Science

11:37am

Sat August 17, 2013
The Two-Way

Mid-Atlantic Dolphin Die-Off Leaves Scientists Puzzled

Originally published on Sat August 17, 2013 7:25 pm

An Atlantic bottlenose dolphin at the Dolphin Research Center on Grassy Key in Marathon, Fla., in July.
Wilfredo Lee Associated Press

Dead dolphins have been washing up in alarming numbers on mid-Atlantic beaches since July as scientists struggle to find a cause for the largest such die-off in a quarter-century.

Read more

9:22am

Sat August 17, 2013
The Two-Way

NASA: Meteor In Russia Threw Up Globe-Girdling Plume Of Debris

Originally published on Sat August 17, 2013 8:19 pm

A meteor trail is seen above a residential apartment block in the Urals city of Chelyabinsk on Feb. 15.
AFP/Getty Images

The bus-sized meteor that slammed into Russia in February, causing a massive shock-wave and injuring hundreds of people, sent a plume of dust into the stratosphere that circled the globe in just four days and lingered for months, NASA says.

The Feb. 15 meteor at Chelyabinsk near Russia's southern border with Kazakhstan measured 60 feet across and weighed 12,000 tons. It detonated 15 miles above the city.

Read more

7:55am

Sat August 17, 2013
Environment

Dolphin Deaths Alarm Scientists

Originally published on Sun August 18, 2013 7:35 am

Transcript

SCOTT SIMON, HOST:

Dolphins are washing ashore in alarming numbers in the Mid-Atlantic states this summer. More than 160 deaths of dolphins have been reported since early July and that's the worst fate in 26 years. Response teams from New York to Virginia are trying to determine just what's killing all these dolphins. Charlie Potter is working with one of those teams at the Virginia Aquarium and Marine Science Center.

Read more

5:44pm

Fri August 16, 2013
Research News

N. America's Oldest Known Petroglyphs Discovered In Nevada

Originally published on Fri August 16, 2013 6:22 pm

Courtesy of Larry Benson

Ancient North Americans gouged elaborate rock art into a heap of big boulders northeast of Reno, Nev., more than 10,000 years ago and perhaps 15,000 years ago. That makes the carvings the oldest known petroglyphs on the continent, according to a paper published in the Journal of Archaeological Science.

Read more

11:56am

Fri August 16, 2013
Performing Arts

Experimenting on Consciousness, Through Art

Performance artist Marina Abramovic's piece Measuring the Magic of Mutual Gaze is both art installation and science experiment, in which volunteers sit facing one another while having their brain waves measured. Abramovic discusses these arts and science experiments with neuroscientist Christof Koch, an expert in consciousness.

11:56am

Fri August 16, 2013
Environment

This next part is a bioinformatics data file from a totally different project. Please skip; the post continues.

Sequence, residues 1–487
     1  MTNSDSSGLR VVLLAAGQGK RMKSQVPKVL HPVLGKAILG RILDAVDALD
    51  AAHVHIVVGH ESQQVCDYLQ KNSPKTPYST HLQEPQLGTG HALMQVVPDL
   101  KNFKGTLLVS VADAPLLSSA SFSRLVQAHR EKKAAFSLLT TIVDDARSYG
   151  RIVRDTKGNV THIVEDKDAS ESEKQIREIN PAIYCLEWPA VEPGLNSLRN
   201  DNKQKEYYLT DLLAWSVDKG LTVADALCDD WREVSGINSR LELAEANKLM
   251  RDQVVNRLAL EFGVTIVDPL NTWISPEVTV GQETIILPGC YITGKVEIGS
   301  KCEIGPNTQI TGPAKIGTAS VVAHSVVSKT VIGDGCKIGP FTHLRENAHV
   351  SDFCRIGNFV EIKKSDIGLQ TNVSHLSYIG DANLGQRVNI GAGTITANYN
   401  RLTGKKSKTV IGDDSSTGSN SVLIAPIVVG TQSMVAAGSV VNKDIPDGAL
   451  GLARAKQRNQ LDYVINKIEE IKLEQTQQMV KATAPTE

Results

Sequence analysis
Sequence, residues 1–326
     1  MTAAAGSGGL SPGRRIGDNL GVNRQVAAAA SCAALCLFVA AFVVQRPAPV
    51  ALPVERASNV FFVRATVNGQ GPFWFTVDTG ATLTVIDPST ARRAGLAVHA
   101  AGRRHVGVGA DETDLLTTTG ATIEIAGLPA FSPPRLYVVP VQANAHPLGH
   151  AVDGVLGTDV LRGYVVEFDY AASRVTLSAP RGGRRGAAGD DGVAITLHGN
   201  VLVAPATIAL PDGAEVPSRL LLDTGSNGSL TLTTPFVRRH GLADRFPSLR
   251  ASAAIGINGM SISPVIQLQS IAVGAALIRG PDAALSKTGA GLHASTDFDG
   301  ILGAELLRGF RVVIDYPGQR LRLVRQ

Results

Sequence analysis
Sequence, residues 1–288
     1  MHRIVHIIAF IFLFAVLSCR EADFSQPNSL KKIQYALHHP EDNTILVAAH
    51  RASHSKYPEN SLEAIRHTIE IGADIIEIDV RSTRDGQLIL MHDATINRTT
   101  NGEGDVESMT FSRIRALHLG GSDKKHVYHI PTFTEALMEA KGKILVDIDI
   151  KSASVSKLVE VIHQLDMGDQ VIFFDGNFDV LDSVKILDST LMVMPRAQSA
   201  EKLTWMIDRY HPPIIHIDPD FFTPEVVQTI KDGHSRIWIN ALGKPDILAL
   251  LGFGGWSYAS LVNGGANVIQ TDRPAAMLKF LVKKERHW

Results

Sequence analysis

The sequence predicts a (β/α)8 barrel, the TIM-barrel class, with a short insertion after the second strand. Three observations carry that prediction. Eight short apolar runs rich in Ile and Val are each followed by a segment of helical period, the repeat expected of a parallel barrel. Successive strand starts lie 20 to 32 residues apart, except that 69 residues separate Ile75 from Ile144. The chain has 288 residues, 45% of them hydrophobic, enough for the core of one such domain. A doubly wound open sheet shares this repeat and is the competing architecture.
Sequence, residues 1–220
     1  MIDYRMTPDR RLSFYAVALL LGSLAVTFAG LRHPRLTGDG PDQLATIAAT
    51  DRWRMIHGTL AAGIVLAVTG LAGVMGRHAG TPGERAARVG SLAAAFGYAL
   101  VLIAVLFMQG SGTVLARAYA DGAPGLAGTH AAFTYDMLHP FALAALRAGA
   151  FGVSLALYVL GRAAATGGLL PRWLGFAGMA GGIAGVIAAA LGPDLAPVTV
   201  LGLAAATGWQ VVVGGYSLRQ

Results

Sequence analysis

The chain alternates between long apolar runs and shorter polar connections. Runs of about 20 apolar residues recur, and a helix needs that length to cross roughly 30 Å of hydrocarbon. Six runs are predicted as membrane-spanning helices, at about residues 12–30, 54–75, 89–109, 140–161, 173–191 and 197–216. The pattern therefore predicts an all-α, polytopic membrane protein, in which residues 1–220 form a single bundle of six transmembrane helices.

For a Greener Yard, Lose the Lawn

Across the Southwest, cities are banning water-thirsty front lawns. Cado Daily of the University of Arizona's Water Wise Program views that as an opportunity to plant a "rainscape" — a yard with drought-friendly native plants that she says can look as lush as a lawn, and lure wildlife back, too.

11:56am

Fri August 16, 2013
Energy

Strengthening the Grid, Ten Years Later

Ten years ago this week, a massive electrical blackout struck the northeastern US and parts of Canada, affecting some 55 million people. IEEE Spectrum journalist Bill Sweet describes the causes of the outage and how the electrical grid has changed since the 2003 failure.

11:56am

Fri August 16, 2013
Education

The STEM Gender Gap

The number of girls and women studying the sciences has steadily increased each year, but there is still a gender gap in higher education and the work force. Researchers Andresse St. Rose and Catherine Riegle-Crumb and Linda Kekelis, executive director of Techbridge, discuss the social and environmental factors that contribute to this disparity.

11:56am

Fri August 16, 2013
Technology

Hyperloop: Hype or Future Transportation?

Elon Musk, founder of SpaceX and Tesla Motors, unveiled his designs for Hyperloop. The high-speed transit system could make the 400-mile trip from San Francisco and Los Angeles in 30 minutes. Tim De Chant, senior digital editor at NOVA, discusses the plans and whether the system could answer our transit problems.

11:45am

Fri August 16, 2013
The Salt

Eating On Mars? Be Sure To Pack The Tortillas

Originally published on Fri August 16, 2013 4:27 pm

Mission to Mars: Six explorers lived in this simulated Mars habitat in Hawaii for four months, part of a NASA study to test the role of cooking and food on an extended space mission.
Sian Proctor NASA HI-SEAS

After several months of freeze-dried food, even the most committed carnivores would probably reach for the fresh produce.

So it's no surprise that the six explorers who were cooped up studying space-friendly foods on a simulated mission to Mars for the past four months went right for the mangoes and pineapple during their first meal outside their habitat Aug. 13.

Read more

Pages